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Although most mosquito bites are harmless and do not carry the risk of serious illnesses, the United States has seen a dramatic increase in annual reports of mosquito-borne diseases. In particular these include viruses spread by certain mosquito species like West Nile Virus and Eastern Equine Encephalitis.
A person’s chance of becoming ill from a single mosquito bite remains relatively low. Nevertheless, you should always ensure that you take the appropriate steps necessary to prevent mosquitoes from biting you and your family thus reducing the risks in being infected by a serious vector-borne disease.
Find out the answers to these questions and more below:
The best remedy for mosquito bites is not to be bitten at all, of course. If you contact your local Ehrlich Pest Control service, we can discuss how to get rid of mosquitoes around your property and prevent them from coming back. Enjoy your home and yard free of mosquitoes.
Female mosquitoes are attracted to us by our body heat, the carbon dioxide in our breath, perspiration on our skin and even our body odor. They are capable of travelling between 1 - 2 miles in search of a blood meal.
Male mosquitoes feed on nectar and plant juices because their mouth parts are not designed for piercing skin and feeding on protein.
Itchy Red Bumps - Visible red bumps that are itchy and that appear on the surface of your skin after a female mosquito has punctured the skin with her thin proboscis to feed on your blood in order to use the protein from the blood to produce eggs.
Swelling - Mosquito saliva contains proteins, digestive enzymes and an anticoagulant that prevents our blood from clotting. The protein in their saliva provokes an immune response from your body, namely the redness, swelling and bump, which is what makes a mosquito bite itch so much.
Have you ever wondered why mosquito bites itch? Mosquito bites itch because when you're bitten by a mosquito, your body reacts by producing histamine to fight the bite. Your body determines the mosquito saliva in your system is a foreign object and it must be removed. The histamine causes a bump to form in the affected area which irritates nerves, causing an itchy feeling. Some may experience more intensified symptoms. This may mean that they are one of the few that have allergic reactions to mosquito bites.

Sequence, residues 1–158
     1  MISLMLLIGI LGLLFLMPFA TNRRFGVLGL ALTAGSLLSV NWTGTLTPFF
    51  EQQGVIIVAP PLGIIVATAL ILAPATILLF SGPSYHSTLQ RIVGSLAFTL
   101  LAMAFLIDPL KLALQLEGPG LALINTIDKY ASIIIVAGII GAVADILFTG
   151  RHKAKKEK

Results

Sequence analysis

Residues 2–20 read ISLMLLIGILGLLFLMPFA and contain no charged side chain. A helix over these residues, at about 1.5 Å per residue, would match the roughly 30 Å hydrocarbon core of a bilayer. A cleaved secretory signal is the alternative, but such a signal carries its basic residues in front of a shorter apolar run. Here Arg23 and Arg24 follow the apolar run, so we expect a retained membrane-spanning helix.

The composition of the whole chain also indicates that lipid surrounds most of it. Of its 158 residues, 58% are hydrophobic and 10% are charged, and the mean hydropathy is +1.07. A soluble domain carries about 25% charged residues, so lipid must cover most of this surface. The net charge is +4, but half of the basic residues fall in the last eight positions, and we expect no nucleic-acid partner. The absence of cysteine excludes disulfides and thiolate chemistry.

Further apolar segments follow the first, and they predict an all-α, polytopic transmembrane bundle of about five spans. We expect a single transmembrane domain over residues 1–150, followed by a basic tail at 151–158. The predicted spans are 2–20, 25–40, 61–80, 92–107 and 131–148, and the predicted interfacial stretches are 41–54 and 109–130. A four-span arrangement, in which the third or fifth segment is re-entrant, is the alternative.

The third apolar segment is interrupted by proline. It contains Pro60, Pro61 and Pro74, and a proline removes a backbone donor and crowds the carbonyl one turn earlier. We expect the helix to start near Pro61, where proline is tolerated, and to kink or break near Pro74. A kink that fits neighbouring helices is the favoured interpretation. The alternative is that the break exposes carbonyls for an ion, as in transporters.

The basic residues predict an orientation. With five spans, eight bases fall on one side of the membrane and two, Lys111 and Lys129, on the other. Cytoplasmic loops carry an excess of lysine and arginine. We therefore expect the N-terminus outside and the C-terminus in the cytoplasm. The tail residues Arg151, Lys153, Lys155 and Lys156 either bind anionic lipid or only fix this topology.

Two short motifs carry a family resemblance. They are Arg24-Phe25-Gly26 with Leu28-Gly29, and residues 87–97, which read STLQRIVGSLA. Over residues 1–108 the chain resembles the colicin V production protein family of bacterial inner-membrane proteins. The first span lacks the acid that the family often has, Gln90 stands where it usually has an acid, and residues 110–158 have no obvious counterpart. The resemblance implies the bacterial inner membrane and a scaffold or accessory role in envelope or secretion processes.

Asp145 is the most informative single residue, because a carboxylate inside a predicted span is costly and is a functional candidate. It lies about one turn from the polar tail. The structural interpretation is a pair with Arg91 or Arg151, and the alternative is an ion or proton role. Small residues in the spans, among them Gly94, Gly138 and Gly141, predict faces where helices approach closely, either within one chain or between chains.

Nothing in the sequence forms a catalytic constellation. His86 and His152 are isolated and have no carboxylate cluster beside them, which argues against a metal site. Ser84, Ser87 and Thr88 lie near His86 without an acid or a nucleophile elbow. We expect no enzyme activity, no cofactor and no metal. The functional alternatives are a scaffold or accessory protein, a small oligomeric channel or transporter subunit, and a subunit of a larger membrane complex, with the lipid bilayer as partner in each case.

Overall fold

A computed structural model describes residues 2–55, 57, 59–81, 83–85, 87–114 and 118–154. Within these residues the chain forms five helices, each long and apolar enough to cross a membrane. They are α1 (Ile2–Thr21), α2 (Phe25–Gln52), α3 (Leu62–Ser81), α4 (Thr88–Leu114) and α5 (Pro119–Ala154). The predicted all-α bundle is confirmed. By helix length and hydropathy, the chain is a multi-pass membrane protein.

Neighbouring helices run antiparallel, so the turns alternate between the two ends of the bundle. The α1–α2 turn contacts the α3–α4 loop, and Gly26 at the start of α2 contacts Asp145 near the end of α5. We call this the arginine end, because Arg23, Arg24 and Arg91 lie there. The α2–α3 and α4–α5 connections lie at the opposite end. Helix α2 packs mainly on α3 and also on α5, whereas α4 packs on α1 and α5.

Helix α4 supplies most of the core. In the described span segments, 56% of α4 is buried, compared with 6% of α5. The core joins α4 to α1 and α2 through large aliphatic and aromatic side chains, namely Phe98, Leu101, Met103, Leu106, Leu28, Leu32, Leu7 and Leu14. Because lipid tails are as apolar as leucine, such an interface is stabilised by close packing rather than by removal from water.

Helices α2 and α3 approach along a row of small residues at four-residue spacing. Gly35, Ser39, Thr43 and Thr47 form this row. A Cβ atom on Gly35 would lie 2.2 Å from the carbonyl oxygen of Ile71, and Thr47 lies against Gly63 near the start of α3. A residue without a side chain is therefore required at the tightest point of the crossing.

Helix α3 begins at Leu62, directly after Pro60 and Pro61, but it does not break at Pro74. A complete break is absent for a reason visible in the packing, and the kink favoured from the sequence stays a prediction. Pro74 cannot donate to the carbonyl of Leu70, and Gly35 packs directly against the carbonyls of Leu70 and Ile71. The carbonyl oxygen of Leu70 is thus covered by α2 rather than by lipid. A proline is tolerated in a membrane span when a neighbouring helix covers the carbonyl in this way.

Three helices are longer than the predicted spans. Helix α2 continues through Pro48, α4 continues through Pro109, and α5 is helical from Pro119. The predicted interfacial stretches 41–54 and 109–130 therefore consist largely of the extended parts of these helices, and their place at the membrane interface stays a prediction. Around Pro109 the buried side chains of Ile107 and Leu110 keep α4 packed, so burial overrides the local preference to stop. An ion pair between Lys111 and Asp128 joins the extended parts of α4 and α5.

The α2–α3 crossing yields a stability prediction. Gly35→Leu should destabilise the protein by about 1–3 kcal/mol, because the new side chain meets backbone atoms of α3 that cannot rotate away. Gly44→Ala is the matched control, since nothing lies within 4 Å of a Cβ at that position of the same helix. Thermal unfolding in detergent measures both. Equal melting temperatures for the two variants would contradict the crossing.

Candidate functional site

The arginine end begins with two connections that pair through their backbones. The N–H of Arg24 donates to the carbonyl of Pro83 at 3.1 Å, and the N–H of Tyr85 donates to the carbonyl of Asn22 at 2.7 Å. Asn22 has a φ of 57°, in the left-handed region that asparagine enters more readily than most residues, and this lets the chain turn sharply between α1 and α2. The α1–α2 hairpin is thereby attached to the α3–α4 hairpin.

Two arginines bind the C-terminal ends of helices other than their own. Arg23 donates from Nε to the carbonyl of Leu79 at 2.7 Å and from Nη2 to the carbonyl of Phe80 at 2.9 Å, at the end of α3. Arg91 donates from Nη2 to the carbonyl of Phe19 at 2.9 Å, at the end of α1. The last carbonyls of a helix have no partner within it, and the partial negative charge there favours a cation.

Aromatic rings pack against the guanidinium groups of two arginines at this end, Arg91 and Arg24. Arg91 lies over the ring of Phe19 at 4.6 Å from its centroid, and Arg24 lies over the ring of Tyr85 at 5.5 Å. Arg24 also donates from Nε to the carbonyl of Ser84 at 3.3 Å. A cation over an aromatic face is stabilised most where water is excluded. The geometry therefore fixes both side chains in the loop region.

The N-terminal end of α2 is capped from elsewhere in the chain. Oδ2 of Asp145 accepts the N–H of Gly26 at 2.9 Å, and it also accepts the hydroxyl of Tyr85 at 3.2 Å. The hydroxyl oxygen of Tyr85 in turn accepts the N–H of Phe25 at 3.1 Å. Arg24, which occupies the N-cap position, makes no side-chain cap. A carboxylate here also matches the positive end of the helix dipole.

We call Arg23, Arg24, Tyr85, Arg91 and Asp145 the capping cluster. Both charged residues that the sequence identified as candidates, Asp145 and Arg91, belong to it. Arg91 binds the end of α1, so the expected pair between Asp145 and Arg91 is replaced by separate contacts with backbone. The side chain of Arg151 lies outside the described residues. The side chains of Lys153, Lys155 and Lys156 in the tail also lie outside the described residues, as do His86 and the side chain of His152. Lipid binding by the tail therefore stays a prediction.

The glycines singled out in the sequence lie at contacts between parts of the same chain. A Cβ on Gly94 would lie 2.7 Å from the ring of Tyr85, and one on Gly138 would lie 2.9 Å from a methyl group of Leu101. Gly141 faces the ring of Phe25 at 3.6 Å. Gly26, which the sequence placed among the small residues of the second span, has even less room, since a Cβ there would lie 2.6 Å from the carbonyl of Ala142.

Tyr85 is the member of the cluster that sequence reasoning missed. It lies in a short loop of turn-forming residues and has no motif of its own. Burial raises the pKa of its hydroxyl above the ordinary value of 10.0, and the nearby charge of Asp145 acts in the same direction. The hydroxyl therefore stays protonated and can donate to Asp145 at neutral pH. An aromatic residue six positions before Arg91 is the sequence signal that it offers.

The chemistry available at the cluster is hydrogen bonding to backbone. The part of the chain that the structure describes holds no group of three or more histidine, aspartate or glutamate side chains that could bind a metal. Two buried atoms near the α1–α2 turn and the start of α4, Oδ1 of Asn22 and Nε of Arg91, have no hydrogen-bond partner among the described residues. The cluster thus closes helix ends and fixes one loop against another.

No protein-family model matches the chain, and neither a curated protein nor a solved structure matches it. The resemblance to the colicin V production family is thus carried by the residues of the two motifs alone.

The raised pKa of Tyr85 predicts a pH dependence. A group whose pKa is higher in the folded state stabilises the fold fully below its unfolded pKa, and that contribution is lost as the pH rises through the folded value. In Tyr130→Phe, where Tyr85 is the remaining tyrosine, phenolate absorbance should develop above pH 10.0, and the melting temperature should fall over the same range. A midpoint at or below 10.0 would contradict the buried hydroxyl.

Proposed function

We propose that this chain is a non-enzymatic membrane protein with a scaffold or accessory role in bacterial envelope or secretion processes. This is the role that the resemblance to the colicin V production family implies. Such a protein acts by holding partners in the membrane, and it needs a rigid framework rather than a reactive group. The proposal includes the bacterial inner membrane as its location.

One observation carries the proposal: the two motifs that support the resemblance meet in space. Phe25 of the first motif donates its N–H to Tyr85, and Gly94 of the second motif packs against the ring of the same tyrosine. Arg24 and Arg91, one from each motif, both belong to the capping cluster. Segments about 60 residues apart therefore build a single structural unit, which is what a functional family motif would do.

The swelling will usually subside as the immune cells in your body break down the foreign agents in the blood stream and generally disappear before the itching does.
Reaction to bites will vary from person to person. Symptoms that develop are just our immune system’s response to their saliva. Mosquitoes don’t actually inject a virus directly into us when they bite, unless the mosquito has become a carrier for a virus and then it gets into their saliva. Below are some mosquito bite remedy suggestions that will help the mosquito bite stop itching and heal.
Clean the wound - this is the most important treatment for a mosquito or midge bite.
Use an ice pack - swelling can be reduced immediately after a bite by covering it with a ice pack such as ice in a cloth (but never hold ice directly on the skin). It may take more than a week to go down and may remain itchy for several days.
Take antihistamines - itchiness and swelling can be relieved with anti-histamine creams for bites and stings. Oral antihistamine can also help especially if you have multiple bites.
Do not scratch - avoid scratching as this will increase the itch and could lead to the bite becoming infected by bacteria.
Most of the time the mosquito bite reactions people have are mild and not a cause for concern. However, there are people who may have a more severe reaction to the bites and these must be taken seriously. There are some who may suffer from a mosquito bite allergy or a general allergy to bites and stings. Young children and those with repeated bites are more likely to develop a severe reaction.
Consult a doctor if:
The swelling or pain is so severe that it prevents movement or sleeping.
The swelling continues to worsen more than a day after the bite.
The bite appears to be infected.
Here’s a interesting fact for you, did you know that only female mosquitoes bite? Male mosquitoes don’t depend on our blood to grow and feed only on nectar from flowers.
Female mosquitoes bite to fill themselves with a cocktail of our blood. Our blood is abundant in protein and other compounds that female mosquitoes need to help produce and grow their eggs.
A mosquito injects her saliva into the wound when she bites you. Mosquito saliva contains an anticoagulant which helps the blood to flow smoothly while also making sure the host is completely unaware of the activity, allowing the mosquito to feed without being disrupted.
Here are two things you can do to avoid being bitten by mosquitoes. Wear long-sleeved shirts and pants when going outside to cover the areas in which a mosquito can bite you. Also, applying insect repellent will help keep them away.
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